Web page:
Newborns sleep 16 to 18 hours a day. During the day, wake them for feeding if they slumber for more than four hours at a stretch so they maintain their weight gain. When your baby can't settle down, but you know they've been fed and had enough to eat, soothe them by rocking, offering a pacifier, or swaddling.

Finally, the AAP advises room-sharing with newborns but not bed-sharing due to the risk of suffocation and other sleep-related accidental deaths. So, avoid drifting off after feeding your baby in bed or on another surface like a couch.

Your Baby’s Skin Will Need Some TLC

We know: There's nothing like that first bath photo! But hold off on sudsing your newborn up. Research has found that not washing away the vernix—the white, waxy substance that covers your baby in the womb and that they'll be coated with at birth—has many benefits, including lower hypothermia rates, less crying, and skin protection and immunity. So, experts recommend waiting until your baby is 1 day old.

Vernix also contributes to the makeup of your newborn's skin's microbiome, a layer of microorganisms that help keep her skin healthy. Washing your baby with a cleanser can disrupt the microbiome's formation, which may make them more susceptible to skin issues like eczema down the line, says Sandy Skotnicki, M.D., a dermatologist in Toronto and author of Beyond Soap.

What to expect

In addition to vernix, you may notice the following common newborn skincare issues:

  • Birthmarks
  • Cradle cap (an accumulation of dead skin cells that causes flaking on the scalp)
  • Rashes like heat rash, diaper rash, and contact dermatitis
  • Baby acne (common on the face)
  • Milia (tiny cysts on the face)

All of these issues are most often mild and not concerning. But you can discuss them at your baby's first pediatrician visit.

What to do

Of course, some cleaning is essential with all the diapers your baby will go through in a day (8 to 12, on average). Breastfed babies often poop with every feeding in their first weeks of life, and formula-fed babies can poop three to four times a day.

Washing with water alone won’t remove poop and pee completely, so if your baby has an extra-dirty diaper, washing them more thoroughly is OK. Use a soft cloth and a gentle pH-adjusted cleanser that protects and nourishes the microbiome on their messy skin. You should continue to use this product at bath time after the first week.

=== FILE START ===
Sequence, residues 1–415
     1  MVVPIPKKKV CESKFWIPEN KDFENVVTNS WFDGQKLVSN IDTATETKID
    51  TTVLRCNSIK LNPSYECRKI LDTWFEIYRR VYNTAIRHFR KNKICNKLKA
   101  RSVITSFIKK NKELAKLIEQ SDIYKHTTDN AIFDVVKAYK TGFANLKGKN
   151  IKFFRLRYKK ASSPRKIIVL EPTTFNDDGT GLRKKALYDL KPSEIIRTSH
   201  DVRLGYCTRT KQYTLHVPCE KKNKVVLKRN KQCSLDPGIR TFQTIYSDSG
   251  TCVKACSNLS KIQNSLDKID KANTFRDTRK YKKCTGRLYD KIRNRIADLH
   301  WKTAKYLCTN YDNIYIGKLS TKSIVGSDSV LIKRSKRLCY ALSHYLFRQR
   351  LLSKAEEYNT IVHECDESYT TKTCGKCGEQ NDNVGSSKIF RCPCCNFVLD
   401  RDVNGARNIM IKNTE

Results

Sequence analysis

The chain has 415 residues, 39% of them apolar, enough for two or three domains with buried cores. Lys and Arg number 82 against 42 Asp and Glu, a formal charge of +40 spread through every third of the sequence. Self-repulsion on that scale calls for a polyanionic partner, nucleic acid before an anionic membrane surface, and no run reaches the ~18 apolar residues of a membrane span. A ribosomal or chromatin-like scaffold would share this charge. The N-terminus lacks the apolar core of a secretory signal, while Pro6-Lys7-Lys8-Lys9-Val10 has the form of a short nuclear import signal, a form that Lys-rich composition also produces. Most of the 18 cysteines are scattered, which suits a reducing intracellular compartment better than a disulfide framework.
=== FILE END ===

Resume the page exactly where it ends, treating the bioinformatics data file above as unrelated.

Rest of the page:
To prevent rashes, use super absorbent diapers and fragrance-free (synthetic or organic) wipes. If the area is irritated, apply a barrier like plain petroleum jelly or a zinc-oxide paste.

Cradle cap usually goes away on its own, but if it bothers you, you can suds up the scalp with mild baby shampoo and use a soft brush to help loosen the dead skin. Milia and baby acne require no treatment and go away with time. Never try to pinch or pop them; it can cause pain and lead to infection.

You’ll Adjust to a New Normal

You likely won’t have the energy to socialize like you did pre-baby, so talk with your partner about which visitors will make the cut. It’s okay to make some people wait. Eager pals can help in other ways: Accept their homemade soups, let them walk the dog, and welcome their groceries. They can peek at your baby, then.

What to expect

As far as chores go, you might find you can’t get much done. “Caring for a baby is time-consuming,” says Deborah Ledley, Ph.D., a psychologist, and author of Becoming a Calm Mom. “Feeding alone takes eight hours. That’s a full day’s work!”

What to do

Be realistic. You might set one non-baby-related goal every day, like doing a load of laundry or writing two thank-you cards. If your baby doesn't want to be put down, use a swing or wear them in a carrier as you move around. No one keeps their house perfectly tidy during the newborn stage, so give yourself some slack.

"Managing household chores has been the most stressful part since our second child was born," says Drea Dalzell, of Sartell, Minnesota. "I remember to ask for help and rely on my in-laws for that extra bit of sanity. I may be less focused on cleaning, but I'd rather spend time with my girls."

Updated by Rebecca Stewart
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  1. Newborn's first bath: Any preferred timing? A pilot study from LebanonBMC Res Notes. 2020.